After years of false starts, fraught discussions and great power wrangling, the world’s climate negotiators struggled to contain their emotions after finally reaching December’s historic deal in Paris.
As French foreign minister Laurent Fabius brought the gavel down on Cop21, the decisive UN climate conference, delegates danced in the aisles, embraced colleagues and shed tears, confident that the agreement they helped forge between 196 nations will help to avert catastrophic climate change.
For Africa’s negotiators, lobbying furiously until the dying moments of the summit to amend the text in favour of their vulnerable continent, it was a moment to savour – tempered by the knowledge that the hard work is only just beginning.
“I think it’s historic for two reasons, the first being universal participation, and the second ensuring that it was not just about mitigation but adaptation and having a space for a 1.5°C target,” says Seyni Nafo, incoming head of the African Group of Negotiators.
“Of course the reality is that the most important benefits will only accrue over the next decades or generations.”
The agreement, painstakingly stitched together over a fortnight in Paris, is certainly not short on ambition. The text specifies that the world will strive to limit global temperature rises to no more than 1.5°C by 2100 – a ceiling which scientists say represents the “tipping point” for the worst effects of climate change. That’s a significant improvement on the 2°C target that countries agreed to at the largely failed 2009 Copenhagen conference – and which they have struggled to meet ever since.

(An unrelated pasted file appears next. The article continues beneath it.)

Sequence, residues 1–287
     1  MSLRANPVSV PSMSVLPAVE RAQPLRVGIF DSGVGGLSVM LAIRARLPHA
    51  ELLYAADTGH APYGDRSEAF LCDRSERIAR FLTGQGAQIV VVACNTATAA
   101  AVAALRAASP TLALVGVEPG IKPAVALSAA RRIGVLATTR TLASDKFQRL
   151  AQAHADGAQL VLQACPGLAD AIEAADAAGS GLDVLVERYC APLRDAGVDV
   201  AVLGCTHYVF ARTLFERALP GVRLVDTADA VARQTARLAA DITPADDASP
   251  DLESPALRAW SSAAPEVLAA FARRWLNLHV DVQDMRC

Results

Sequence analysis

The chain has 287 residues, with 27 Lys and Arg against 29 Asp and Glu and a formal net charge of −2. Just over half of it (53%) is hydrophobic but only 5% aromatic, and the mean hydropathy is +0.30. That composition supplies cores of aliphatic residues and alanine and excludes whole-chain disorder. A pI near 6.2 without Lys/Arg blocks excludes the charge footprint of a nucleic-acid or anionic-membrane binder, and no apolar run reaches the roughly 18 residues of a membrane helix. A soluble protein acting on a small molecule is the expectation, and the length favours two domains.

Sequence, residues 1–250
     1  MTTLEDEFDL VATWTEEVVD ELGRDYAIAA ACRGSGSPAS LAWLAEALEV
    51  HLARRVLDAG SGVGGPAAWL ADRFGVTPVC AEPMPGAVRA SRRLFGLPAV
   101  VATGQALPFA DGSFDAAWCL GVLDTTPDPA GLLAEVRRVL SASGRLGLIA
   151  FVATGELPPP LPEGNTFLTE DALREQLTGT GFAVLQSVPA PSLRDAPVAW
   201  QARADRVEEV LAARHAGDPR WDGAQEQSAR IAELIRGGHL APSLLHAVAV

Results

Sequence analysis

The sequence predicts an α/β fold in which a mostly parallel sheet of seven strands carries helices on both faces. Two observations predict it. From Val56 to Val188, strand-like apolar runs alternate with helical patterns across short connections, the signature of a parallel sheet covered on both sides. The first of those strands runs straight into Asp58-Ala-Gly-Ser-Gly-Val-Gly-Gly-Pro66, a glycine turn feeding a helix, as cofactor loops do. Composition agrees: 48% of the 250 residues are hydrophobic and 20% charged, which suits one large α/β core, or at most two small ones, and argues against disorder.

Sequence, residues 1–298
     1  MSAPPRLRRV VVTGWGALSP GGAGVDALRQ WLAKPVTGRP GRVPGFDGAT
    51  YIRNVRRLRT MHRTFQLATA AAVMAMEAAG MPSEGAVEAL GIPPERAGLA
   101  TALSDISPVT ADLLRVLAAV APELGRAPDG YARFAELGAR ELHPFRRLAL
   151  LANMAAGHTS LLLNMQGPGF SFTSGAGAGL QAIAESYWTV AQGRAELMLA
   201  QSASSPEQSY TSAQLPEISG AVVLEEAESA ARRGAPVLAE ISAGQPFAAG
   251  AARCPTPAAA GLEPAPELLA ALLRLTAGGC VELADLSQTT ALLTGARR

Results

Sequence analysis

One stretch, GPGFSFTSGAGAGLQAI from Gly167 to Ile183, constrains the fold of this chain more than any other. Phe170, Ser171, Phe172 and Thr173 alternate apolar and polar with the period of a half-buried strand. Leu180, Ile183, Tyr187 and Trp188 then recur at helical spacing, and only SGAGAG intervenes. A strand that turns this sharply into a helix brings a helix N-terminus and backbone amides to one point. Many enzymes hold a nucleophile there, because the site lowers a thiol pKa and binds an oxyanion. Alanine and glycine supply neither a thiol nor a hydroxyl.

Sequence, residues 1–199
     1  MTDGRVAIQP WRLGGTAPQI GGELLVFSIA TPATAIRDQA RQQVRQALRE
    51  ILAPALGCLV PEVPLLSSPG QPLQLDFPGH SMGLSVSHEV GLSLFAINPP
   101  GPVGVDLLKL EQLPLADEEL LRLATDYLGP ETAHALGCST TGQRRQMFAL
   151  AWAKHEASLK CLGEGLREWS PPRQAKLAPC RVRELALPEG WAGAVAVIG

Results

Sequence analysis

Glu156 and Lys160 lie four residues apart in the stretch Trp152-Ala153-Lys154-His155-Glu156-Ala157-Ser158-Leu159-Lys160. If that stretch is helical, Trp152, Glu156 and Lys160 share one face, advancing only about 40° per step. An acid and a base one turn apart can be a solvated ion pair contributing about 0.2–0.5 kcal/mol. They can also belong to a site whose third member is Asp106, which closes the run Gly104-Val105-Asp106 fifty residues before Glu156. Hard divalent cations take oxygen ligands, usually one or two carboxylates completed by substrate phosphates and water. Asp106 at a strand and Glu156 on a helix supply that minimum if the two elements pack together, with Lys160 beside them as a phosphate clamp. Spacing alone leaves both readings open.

In order to get even close to achieving this ambitious new goal, countries will have to stick rigidly to intended nationally determined contributions (INDCs) – the detailed plans they submitted before Cop21, which set out how they will cut emissions.
Professor Mary Scholes, a climate expert at the University of the Witwatersrand in Johannesburg, says that the radical new target is a “game-changer”, with individual states at the heart of the deal.
“There’s now a recognition of this urgency. The negotiating powers had always said that they’ll get around to it, and states can do what they want. I think this attitude has changed.”
For Africa, the stakes could not be higher. With the continent’s estimated annual GDP loss as a result of a global rise in temperatures ranging from 1.5% to 3% by 2030, Africa’s economic future may rest on the successful implementation of the Cop21 text.
Whether the INDCs will be sufficient to prevent the most dangerous changes remains an area of fierce contention. A recent report from the United Nations Environment Programme, which assessed the reduction plans of 119 countries, reported that the earth is on track for a temperature rise of around three degrees by 2100.
Perhaps most worryingly, the agreement is devoid of mechanisms to enforce the emissions pledge – a framework that many African policymakers see as essential. Punitive measures – distrusted by the largest developed and developing nations – were sidelined in a bid to save the central text. Five-yearly reviews beginning in 2023 will go some way to ensuring compliance, but for James Murombedzi, a UN expert at the African Climate Policy Centre, the deal still represents a missed opportunity.